How the news would look if everyone stopped waffling and told the truth.
Monday, 7 May 2012
Is The Euro Terminal?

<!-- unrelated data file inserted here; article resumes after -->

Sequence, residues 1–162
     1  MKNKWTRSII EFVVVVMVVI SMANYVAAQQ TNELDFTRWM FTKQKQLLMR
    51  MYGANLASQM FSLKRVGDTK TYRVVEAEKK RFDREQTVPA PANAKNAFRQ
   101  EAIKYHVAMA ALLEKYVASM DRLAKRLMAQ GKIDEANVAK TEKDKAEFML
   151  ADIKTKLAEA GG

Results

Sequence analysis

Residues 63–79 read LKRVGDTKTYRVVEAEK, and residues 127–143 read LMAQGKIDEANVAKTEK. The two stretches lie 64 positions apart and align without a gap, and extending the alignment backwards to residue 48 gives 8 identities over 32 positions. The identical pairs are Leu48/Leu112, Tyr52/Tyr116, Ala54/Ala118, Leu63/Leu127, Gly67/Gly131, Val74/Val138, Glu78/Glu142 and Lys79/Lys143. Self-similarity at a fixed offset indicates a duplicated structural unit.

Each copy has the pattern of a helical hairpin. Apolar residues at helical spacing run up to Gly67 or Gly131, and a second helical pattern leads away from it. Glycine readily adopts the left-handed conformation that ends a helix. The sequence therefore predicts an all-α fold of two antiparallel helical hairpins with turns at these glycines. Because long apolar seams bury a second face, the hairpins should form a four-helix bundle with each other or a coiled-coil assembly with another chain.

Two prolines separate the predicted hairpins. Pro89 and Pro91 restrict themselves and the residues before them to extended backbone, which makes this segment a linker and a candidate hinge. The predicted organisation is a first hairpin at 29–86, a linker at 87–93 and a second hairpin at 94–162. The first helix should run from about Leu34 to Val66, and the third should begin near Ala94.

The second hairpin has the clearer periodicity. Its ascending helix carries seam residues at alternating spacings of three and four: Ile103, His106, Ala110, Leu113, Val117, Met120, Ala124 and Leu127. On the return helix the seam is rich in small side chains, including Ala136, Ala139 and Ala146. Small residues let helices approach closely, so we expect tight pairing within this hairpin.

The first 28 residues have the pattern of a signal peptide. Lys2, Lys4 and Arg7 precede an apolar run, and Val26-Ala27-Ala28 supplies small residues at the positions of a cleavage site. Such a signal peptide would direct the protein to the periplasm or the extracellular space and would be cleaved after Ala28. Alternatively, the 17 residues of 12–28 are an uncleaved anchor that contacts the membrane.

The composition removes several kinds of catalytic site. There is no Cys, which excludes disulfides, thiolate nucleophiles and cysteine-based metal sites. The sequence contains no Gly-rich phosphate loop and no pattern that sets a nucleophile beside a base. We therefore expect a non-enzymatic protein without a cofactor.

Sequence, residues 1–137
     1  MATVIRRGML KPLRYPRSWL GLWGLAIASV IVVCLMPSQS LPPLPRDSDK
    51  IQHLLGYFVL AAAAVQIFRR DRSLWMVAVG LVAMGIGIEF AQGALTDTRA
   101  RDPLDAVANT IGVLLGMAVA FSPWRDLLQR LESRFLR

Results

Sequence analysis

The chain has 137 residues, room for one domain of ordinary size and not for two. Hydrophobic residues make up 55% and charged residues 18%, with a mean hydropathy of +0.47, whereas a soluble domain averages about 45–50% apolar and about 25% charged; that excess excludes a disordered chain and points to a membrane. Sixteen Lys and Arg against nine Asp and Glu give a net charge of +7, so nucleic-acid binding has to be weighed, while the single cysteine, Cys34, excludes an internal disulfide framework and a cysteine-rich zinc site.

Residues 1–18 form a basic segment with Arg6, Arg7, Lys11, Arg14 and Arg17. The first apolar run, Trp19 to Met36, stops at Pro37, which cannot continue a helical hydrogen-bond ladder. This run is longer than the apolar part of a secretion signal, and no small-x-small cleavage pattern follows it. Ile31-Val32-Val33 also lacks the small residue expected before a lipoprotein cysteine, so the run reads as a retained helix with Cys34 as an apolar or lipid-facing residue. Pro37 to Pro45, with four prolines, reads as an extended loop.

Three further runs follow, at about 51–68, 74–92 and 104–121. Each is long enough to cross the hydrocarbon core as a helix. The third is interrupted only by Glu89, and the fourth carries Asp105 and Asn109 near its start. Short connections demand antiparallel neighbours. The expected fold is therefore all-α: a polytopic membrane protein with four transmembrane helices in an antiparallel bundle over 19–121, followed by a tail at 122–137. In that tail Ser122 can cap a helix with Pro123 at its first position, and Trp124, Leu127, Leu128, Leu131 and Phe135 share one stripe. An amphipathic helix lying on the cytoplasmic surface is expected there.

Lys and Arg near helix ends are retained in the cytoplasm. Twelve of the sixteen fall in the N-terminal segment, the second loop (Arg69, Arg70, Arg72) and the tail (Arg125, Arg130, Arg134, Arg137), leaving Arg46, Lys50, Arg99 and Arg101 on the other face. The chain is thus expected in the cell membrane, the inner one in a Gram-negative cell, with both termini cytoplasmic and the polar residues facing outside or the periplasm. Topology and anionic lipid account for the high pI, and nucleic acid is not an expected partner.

In Greece the centre-right leader Antonis Samaras has found it impossible to create a coalition government based on austerity and staying within the Euro. In France the new President, Francois Hollande, has signalled that the compact with Germany will have to be renegotiated. Spain is fast approaching crisis as its industrial output slumps by another 7% and, in Italy, skepticism of the EU is growing apace. What does this all mean? It seems to indicate that the idea of a united Europe is fast coming unravelled. Not because it was a bad idea. Originally founded on two sound principles - preventing further European wars and creating a single market to increase wealth - it began to go downhill when the politicians forgot why it was created. They began to see it as a vehicle for their dreams and ambitions, a larger canvas on which they hoped to project an even larger image of themselves. The Euro was never necessary on strict economic criteria. It was only necessary for those politicians who saw the currency as a badge of honour and, as more and more European politicians saw it in those terms and clamoured for their countries to be included, it quickly lost its real purpose and was devalued even before it was launched. Now its continued existence and remaining within it has become a matter of pride for politicians who have been blinded by their own propaganda. Greece should and will probably leave the Euro, followed in quick succession by Spain and probably Italy. And if Hollande cannot get the Germans to change tack then France may well do the same. The Euro was a good idea ruined, like so many things, by the politicians - it will not be missed.